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4. There already was a healthcare COVID-19 regulation published in June. Can OSHA issue a new ETS now at this late juncture?

President Biden’s COVID-19 Action Plan –

On

What Employers Want to Know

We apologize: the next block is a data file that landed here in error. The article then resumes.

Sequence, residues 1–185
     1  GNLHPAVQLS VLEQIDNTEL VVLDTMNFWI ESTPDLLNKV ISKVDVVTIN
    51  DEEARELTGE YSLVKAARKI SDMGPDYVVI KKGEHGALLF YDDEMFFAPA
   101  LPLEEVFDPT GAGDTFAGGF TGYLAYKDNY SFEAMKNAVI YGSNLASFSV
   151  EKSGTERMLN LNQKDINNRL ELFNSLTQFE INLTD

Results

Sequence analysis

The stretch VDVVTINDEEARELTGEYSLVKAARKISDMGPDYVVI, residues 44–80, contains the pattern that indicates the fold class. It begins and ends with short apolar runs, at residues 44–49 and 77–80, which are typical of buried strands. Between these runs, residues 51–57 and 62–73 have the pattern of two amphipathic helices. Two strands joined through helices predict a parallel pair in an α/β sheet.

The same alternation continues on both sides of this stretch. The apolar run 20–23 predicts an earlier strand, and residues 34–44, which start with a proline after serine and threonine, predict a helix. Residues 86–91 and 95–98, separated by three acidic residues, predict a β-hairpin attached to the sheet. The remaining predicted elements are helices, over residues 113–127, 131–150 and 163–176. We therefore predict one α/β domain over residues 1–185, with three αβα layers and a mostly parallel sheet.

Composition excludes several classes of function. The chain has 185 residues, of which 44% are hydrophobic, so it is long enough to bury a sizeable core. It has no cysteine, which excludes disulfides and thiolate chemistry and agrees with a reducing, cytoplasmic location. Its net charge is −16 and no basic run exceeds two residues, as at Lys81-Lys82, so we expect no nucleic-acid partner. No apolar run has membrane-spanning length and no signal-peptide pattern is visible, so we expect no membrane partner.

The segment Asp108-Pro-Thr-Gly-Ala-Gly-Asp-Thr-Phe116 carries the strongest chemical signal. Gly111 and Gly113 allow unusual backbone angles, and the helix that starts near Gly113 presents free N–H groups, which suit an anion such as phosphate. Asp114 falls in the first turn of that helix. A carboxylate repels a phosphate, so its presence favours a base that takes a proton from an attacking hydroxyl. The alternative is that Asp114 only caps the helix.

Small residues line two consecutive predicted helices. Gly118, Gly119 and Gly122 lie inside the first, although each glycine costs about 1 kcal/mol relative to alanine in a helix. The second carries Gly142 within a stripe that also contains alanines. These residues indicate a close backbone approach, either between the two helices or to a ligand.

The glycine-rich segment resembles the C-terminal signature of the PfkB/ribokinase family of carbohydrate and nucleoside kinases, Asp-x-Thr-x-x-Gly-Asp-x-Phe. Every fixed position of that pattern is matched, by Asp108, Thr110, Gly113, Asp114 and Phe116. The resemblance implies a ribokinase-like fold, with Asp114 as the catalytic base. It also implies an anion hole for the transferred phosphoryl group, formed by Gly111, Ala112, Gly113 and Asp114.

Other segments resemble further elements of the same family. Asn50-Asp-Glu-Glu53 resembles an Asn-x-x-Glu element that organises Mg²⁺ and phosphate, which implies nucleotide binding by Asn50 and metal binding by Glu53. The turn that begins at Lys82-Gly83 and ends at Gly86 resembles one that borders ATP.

September 9, 2021, President Biden released his COVID-19 Action Plan, Path Out of the Pandemic (the “Plan”). The Plan mandates vaccination against COVID-19 for employees working for employers that have 100 or more employees, as well as employees that work for the federal government or healthcare entities, and/or are federal contractors. The following Q&As address some of the common employer concerns regarding Biden’s Plan and the upcoming OSHA Emergency Temporary Standard (ETS). 1. Will the White House issue an executive order regarding the ETS? No, we do not anticipate that the White House will release an official executive order regarding the ETS. While an executive order was published on the federal contractor vaccination requirement, President Biden has the authority to direct OSHA to develop an ETS without issuing an executive order. 2. If there is no executive order to be challenged, will we have an opportunity to provide comment on the ETS before it takes effect? No, there will likely be no opportunity for comment before the ETS takes effect immediately upon publication in the Federal Register. The president has asked OSHA to issue the ETS as soon as possible. OSHA will ask stakeholders to provide comment afterwards, when the agency considers approving a permanent standard. 3. What can we do to voice our concerns about the ETS before publication? Write a letter or join a coalition to write a letter on your behalf addressing your concerns. Littler Workplace Policy Institute (WPI) is joining forces with the business community to assist employers with their concerns. Data that describes infeasibility of implementation, issues with compliance and enforcement, or extensive cost measures will likely be helpful information to OSHA’s formulation of certain provisions in the ETS. If most employers cannot comply with the standard as drafted, OSHA’s efforts will be futile and will likely render the regulation ineffective and could lead to extensive litigation. 42